I’m in the process right now (Noon, Tuesday 14 January 2014) of creating accounts for you on this blog. Please create and post a short “Player’s Bio” prior to class on Thursday. I’ll provide you with a sample “Player’s Bio” presently.
Somehow, I have managed to spread out nearly two decades of bookmarks across at least 8 distinct, incompatible, and occasionally abandoned protocols.
In a way, I suppose, it doesn’t matter, perhaps its even a mercy. At some point in time — probably around 2003, very likely on a Tuesday — this massifying info corpus reached a certain density and collapsed in on itself — voilá — just like that. The data is so thick, and the effort required to retrieve it and make it legible is so tedious, that there is absolutely no likelihood of my ever sifting through it.
So let’s start again. On this page (which I’ll update over time, and eventually transform into a sidebar), I’ll list a number of my favorite sites related to Arcade Theory.
NB that I’ll set these links to open new pages. (Years ago, I was under the impression that this practice was considered gauche, and was deprecated by the W3C. Yet it remains everywhere.)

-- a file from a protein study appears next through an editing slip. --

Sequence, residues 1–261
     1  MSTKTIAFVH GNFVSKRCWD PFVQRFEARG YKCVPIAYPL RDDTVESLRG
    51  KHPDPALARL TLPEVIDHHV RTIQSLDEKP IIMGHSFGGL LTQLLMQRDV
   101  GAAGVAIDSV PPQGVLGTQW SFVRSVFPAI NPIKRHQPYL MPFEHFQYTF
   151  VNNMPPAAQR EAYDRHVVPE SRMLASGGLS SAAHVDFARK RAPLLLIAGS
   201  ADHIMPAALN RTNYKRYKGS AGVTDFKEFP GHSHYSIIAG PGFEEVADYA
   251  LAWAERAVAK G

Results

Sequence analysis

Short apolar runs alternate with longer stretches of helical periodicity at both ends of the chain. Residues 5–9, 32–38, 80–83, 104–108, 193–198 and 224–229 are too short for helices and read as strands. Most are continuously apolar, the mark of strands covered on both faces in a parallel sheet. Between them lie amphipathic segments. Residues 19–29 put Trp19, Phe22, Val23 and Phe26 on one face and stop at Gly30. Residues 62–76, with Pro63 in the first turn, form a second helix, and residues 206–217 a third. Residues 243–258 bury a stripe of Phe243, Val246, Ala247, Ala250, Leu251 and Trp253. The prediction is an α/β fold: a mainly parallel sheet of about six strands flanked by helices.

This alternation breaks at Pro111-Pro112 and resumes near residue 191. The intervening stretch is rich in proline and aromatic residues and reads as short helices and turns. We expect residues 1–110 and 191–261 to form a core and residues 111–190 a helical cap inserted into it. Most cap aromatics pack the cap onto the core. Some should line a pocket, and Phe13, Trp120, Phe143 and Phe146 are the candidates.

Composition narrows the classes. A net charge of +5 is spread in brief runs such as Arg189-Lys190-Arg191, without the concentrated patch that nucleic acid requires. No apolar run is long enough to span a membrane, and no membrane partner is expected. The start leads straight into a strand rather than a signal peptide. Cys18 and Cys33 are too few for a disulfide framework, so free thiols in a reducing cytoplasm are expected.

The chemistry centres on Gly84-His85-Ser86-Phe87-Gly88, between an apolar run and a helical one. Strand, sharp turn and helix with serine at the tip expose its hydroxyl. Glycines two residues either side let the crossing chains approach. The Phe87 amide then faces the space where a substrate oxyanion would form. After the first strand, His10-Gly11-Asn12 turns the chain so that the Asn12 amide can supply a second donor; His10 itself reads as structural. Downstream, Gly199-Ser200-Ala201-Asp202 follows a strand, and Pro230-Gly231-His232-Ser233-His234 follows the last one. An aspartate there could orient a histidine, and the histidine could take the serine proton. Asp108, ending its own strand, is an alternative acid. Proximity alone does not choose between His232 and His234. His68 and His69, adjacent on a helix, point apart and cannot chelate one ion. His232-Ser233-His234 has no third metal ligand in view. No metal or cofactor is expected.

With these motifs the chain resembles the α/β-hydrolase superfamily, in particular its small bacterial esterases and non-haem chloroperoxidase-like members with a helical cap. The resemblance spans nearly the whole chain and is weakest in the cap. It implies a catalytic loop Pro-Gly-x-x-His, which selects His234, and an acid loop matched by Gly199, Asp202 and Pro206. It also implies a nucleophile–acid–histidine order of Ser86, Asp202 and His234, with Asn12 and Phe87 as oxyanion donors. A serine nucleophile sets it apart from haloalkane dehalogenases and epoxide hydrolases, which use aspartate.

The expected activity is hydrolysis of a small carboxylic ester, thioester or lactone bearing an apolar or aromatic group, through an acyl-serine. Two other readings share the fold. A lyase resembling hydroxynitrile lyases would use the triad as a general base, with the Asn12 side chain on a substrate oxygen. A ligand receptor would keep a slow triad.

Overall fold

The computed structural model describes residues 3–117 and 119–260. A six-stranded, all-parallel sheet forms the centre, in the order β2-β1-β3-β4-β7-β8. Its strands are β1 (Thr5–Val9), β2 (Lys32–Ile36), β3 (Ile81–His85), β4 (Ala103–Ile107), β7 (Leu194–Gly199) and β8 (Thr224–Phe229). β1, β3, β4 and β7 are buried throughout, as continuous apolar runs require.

The Expressive Intelligence Studio at University of California, Santa Cruz is dedicated to exploring the intersection of artificial intelligence, art and design. Our goal is to create compelling new forms of interactive art and entertainment that provide deeply autonomous, generative and dynamic responses to interaction. A major thrust of this work is advanced AI for videogames. This includes autonomous characters, interactive storytelling, automated game asset generation, game data analysis, and intelligent support for game design. By viewing AI as an expressive medium, our work raises and answers new and interesting AI research questions while pushing the boundaries of the conceivable and possible in interactive experiences.
As the second week of the new year begins, we wrap ourselves up in our warmest coats, scrape the ice from the car windshield, and head for the Car Barn: Classes begin anew at Georgetown on Wednesday, January 8th. This semester, I’m very much looking forward to the challenges represented by my two grad courses: Arcade Theory, which I’ve taught before but have heavily revised for the spring, and The Poetics of Mobile, an altogether new course which represents as ambitious a curriculum as I’ve ever offered.
For now, though, I’m still in the process of polishing the syllabi. Look for material related to Arcade Theory to appear here later today (Tuesday).